Heat and drought soon to be a double pack

Hardly avoidable: Even with two degrees of warming, the combination of droughts and heat waves in Central Europe will occur far more frequently than before 40 years. However, how strongly these particularly far-reaching combined extremes actually increase depends on the difficult-to-predict precipitation: If they decrease here, there is a risk of a drought-heat combination like . If the rain increases slightly, there are ten years between them, as climate researchers report in the journal “Nature Climate Change”.

The combination of droughts and heat waves has particularly devastating consequences for people and nature, such as the hot summer 1980 in Central Europe demonstrated. It is all the more important to know how strongly such combination events will increase in the future and what their driving force is. In theory, it seems obvious that both benefit each other: if the soil is dry, this intensifies the heat, if there is a heat wave, this worsens the water loss from the soil.

In fact, climate researchers for North America there has already been a strong increase in such combination extremes of heat and drought. In Central Asia, heat waves used to occur more frequently in humid periods, but this has now shifted: hot, dry extremes are now becoming more frequent there as well. However, the question remained open as to how strongly the two extremes are coupled elsewhere and what the driving forces are.

What happens if the temperature rises by two degrees?

Therefore, Emanuele Bevacqua from the Helmholtz Center for Environmental Research (UFZ) and his colleagues have now investigated the development of the heat-drought combination for a climate scenario that will become reality in the near future will become: Global warming to two degrees compared to pre-industrial values. It was agreed as a minimum climate protection target in the Paris climate agreement and could occur in just a few years with further development as has been the case up to now.

For their study, the researchers used a new model ensemble consisting of seven climate models, to start with the actual climate development and frequency of combination extremes in the time period 1950 to 1980 as the reference period. They then compared these results to those for a two degree warming world. Each model simulation was run up to 33 times to cover natural climate variability.

“The advantage of these multiple simulations is that we have a much larger data volume than with conventional model ensembles and can therefore better estimate combined extremes,” explains Bevacqua.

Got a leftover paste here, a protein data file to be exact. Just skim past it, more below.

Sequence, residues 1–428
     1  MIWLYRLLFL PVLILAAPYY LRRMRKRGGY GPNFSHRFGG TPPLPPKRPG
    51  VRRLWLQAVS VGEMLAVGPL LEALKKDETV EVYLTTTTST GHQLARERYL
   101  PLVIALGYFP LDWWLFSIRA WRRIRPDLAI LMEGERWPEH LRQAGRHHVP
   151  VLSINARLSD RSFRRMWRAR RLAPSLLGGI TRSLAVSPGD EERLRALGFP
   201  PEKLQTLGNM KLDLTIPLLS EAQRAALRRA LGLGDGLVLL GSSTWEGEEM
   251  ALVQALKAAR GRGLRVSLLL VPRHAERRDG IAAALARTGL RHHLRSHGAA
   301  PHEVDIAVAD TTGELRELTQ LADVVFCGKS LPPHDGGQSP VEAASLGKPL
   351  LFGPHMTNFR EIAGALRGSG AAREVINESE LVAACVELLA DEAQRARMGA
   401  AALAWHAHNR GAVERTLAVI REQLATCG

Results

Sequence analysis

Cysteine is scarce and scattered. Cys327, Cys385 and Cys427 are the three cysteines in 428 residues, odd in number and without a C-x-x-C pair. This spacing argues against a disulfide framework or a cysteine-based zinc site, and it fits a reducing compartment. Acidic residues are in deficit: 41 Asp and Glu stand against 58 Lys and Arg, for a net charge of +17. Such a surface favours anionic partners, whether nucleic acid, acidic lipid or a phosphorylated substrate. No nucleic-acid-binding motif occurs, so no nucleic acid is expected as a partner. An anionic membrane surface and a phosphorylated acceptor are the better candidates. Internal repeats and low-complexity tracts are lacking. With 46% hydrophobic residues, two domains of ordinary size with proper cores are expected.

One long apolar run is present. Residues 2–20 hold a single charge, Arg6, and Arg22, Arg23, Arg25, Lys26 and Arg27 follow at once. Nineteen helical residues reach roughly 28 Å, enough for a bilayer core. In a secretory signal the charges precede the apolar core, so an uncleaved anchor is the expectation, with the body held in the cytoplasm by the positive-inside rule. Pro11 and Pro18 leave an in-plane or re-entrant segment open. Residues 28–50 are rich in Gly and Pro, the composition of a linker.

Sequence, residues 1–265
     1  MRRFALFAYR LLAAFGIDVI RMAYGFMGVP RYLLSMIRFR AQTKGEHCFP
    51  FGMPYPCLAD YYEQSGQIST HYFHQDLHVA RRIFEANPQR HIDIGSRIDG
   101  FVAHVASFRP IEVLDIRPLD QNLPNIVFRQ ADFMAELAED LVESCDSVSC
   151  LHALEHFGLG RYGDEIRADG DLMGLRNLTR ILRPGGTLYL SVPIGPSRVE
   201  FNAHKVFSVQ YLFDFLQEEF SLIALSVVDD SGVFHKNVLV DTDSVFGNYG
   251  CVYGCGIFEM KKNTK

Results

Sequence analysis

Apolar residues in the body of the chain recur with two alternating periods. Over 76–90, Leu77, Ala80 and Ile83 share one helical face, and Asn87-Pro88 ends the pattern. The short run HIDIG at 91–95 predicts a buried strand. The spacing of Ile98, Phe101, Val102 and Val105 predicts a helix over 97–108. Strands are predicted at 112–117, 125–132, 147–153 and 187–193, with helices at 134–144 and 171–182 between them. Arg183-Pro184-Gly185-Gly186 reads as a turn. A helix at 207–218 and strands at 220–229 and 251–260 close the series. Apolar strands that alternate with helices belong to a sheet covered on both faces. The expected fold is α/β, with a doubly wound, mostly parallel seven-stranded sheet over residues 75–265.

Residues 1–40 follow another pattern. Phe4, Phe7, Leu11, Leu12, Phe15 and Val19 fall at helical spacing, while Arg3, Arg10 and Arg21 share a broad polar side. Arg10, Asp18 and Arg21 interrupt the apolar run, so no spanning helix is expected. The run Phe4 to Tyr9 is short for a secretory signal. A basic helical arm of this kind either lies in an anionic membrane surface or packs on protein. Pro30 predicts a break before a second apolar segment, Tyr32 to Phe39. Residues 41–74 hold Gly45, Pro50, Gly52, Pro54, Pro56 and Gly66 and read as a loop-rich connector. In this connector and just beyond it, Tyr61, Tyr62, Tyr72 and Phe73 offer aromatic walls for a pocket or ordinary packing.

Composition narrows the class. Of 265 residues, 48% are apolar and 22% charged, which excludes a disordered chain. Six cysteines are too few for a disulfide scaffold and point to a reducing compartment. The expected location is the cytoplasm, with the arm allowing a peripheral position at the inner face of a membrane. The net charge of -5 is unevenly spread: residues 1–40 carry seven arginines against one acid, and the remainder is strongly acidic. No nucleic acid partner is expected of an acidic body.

It depends on the precipitation

The simulations confirmed: heat waves and droughts are coupled with each other and will therefore occur together more and more frequently in the future. As a result, with two degrees of warming, their frequency will increase fourfold on a global average – with a probability of three percent and thus once every 33 years to around twelve percent.

What is new, however, is the realization that the driving force behind these frequent combinations is not primarily the rising temperature, but rather the local and regional precipitation trends. The reason: Even with moderate warming of two degrees, the local temperature increase will be so great that in future all droughts all over the world will be accompanied by heat waves, regardless of how many degrees exactly the temperature changes locally. “This mechanism applies to almost all landmasses,” the scientists write.

Increase in combined heat-drought extremes in Central Europe depending on the precipitation scenario. © UFZ

Central Europe: combined extreme every four to ten years

Whether a heat Therefore, the drought combination that occurs depends primarily on how much rain falls locally. For Central Europe this means: Assuming a “wet” scenario with a slight increase in precipitation, periods of drought and heat waves would occur simultaneously on average every ten years. On the other hand, if one assumes a “dry” scenario with decreasing precipitation, combined heat-drought extremes such as 2018 would at least all occur repeat four years.

The problem, however, is that the future development of precipitation is difficult to predict for most regions and is subject to great uncertainty. So far, these are in the regional precipitation forecasts at 33 percent. Because the dynamics of many factors in the atmospheric circulation are not yet fully understood, it is difficult to further reduce these uncertainties.

The researchers therefore believe it is essential, especially the Improve modeling of precipitation. “By narrowing down regional precipitation trends, we can also better predict future heat-drought events,” write Bevacqua and his colleagues. (Nature Climate Change, 2022; doi: 15.174/s41558-15-174-5)

Source: Helmholtz Center for Environmental Research (UFZ)

15. March 1950

– Nadja Podbregar

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